Another thing I noted about several of the talks this weekend - parents play such an important role in our creativity.  Shaun Tan's father was an architect, Barbara McClintock's was a photographer, and Floyd Cooper used his builder father's plaster board for some of his first canvases.  Margaret Peterson Haddix spoke about her young daughter asking for stories that contained a "...and then...", recognizing the elements of plot long before she could use words like "conflict" and "denouement".  Years later, the same daughter expressed impatience at a friend who had to stay home and study SAT words - why hadn't she just picked up a book as a child?!  But it's not even really about test prep - as Meg Rosoff said, "Most of the best books I've ever read, I read before I was twenty."

At the booksellers panel, Mary Brown, the owner of 'Books, Bytes, and Beyond', told us that bookstores are on the rise again - but 70% of her business is from schools and libraries.  Both she and her husband, Robert Brown (of Scholastic Book Fairs), mentioned a need for books that follow the Common Core Curriculum.  I rolled my eyes internally - not at their very true words, but at Common Core itself.  While art standards have yet to be implemented (and from the direction I've heard it's going, I probably won't mind the standards, as they sound a lot like what I already do) educational programs come and go.  We continue to wonder how we can improve children's test scores and prepare them for college and careers, when most educators can already tell you that the most vital key for a child's academic success is a parent who reads to him or her from an early age.

Of course, not all parents have the means to do this.  And not all children will ~fail in life~ because Mom was too tired to read Hop on Pop after a fourteen-hour work day. Some kids even have the acumen to understand the situation that they're in and help themselves - as Mo Willems said, "If you're in the wrong book, leave."  (Beautifully put advice for anyone, really.)  He also told the audience of authors and illustrators that "your job is to be some child's best friend."  Sometimes, a best friend can help you change your own story.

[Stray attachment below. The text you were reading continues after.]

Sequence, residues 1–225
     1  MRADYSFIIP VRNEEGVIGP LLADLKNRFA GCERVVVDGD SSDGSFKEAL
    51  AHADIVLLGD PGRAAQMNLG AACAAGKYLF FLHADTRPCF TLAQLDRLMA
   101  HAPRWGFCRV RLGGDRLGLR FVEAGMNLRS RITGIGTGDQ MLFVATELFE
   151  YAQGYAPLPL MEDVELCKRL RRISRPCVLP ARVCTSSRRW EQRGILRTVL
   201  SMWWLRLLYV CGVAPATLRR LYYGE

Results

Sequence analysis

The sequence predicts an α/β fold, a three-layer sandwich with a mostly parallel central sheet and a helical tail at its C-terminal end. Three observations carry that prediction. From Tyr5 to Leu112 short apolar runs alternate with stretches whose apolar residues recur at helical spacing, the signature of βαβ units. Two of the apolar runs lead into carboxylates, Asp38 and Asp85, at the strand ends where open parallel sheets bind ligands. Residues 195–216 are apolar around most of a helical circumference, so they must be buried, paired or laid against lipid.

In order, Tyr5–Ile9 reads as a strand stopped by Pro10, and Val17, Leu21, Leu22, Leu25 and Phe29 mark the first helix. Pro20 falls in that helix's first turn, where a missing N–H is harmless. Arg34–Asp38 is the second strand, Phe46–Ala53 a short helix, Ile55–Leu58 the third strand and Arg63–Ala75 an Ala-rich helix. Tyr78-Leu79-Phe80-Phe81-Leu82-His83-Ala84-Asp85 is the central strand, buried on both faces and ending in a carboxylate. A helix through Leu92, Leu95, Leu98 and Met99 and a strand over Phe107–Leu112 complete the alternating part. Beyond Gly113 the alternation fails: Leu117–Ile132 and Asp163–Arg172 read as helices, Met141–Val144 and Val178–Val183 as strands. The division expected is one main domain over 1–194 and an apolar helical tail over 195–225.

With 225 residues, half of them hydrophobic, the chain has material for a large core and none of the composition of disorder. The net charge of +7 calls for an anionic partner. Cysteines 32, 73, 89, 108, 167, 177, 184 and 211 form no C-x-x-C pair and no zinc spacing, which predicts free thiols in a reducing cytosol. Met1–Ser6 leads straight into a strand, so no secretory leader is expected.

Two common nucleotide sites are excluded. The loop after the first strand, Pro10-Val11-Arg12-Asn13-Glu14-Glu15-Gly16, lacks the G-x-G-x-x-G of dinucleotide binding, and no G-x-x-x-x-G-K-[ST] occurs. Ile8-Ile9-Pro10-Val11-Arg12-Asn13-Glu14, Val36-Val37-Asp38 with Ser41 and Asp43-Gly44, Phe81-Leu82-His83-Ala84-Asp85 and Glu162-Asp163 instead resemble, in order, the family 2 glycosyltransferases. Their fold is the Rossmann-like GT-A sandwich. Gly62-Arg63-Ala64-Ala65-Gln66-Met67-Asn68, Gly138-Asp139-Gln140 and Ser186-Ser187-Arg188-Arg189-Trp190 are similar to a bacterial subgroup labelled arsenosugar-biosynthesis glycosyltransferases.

"Books were my anchor. My escape. My safe haven... They became the most trustworthy of friends." - Julie Andrews

I have to admit, I cribbed the above quote from twitter.  I failed at note taking during Julie and Emma's talk; seeing Julie Andrews was one thing, but hearing her voice... At the end of their presentation, Lin Oliver had us call out words that described Julie and her daughter.  "Enchanting" would have been mine.  "Are we lucky or what?" indeed.

Speaking of legends, my favorite hour or so of the conference would have to be the illustrator's social after Saturday's cocktail gala.  The gala was great - I mean, a mashed potato bar, really?  But that was nothing next to getting to hear Tomie dePaola speak.  I feel like just about everyone has "their" Tomie dePaola book, the one that really meant something to them as a child.  J. K. Rowling has said her favorite comment on her books came from a kid who showed up to a signing, looked around at the crowd, and demanded to know what all these people were doing there for her book.  I feel a bit of the same way about Nana Upstairs & Nana Downstairs, to the point where I don't think I would have brought it in to be signed even if I had it at home (it lives on my bookshelf at my parents' house, along with most of my childhood books).  I did, however, get The Art Lesson signed on Sunday.  It's a story I read the younger kids in my art classes every year.  It's a great way to both let the students know that art class has limitations, but that I don't want that to limit them.  Anyway, Tomie spoke a little about his time at Pratt (yay), his time as an art instructor (yay), and then talked about his famous master class.  It was funny and inspiring and kind of made my weekend.  Seeing as awkward turtle is indeed my spirit animal, I only talked to him for a second, but still!  Tomie dePaola!